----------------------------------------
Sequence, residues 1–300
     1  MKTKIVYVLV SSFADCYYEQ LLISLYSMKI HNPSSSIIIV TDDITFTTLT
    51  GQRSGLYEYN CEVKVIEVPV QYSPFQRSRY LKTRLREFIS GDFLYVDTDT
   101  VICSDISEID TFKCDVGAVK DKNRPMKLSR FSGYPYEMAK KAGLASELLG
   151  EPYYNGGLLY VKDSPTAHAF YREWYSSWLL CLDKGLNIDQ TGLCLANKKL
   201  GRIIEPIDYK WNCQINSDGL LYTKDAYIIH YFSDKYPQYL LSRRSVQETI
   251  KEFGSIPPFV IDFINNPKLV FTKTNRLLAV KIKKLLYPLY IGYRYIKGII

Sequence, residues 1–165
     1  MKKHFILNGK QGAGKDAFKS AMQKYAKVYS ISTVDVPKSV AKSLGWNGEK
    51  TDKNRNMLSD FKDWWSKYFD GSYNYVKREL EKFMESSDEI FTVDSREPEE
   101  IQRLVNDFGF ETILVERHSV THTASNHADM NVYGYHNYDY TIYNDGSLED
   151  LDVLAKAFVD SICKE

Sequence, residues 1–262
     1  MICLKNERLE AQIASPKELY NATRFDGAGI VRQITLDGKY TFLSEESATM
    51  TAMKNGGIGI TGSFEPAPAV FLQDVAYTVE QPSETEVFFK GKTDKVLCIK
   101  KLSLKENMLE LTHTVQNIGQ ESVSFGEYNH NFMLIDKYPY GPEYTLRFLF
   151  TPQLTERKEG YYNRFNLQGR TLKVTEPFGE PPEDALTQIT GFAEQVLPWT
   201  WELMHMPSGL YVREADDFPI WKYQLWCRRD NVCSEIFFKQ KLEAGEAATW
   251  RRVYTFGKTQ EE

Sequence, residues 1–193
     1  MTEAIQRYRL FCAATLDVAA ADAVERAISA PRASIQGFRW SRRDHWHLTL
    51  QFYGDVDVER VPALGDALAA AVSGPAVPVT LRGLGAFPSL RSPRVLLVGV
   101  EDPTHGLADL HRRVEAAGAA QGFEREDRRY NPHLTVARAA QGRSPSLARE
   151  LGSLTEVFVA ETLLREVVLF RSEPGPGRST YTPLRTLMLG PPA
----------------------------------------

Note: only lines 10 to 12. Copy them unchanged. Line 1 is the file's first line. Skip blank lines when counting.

    51  TDKNRNMLSD FKDWWSKYFD GSYNYVKREL EKFMESSDEI FTVDSREPEE
   101  IQRLVNDFGF ETILVERHSV THTASNHADM NVYGYHNYDY TIYNDGSLED
   151  LDVLAKAFVD SICKE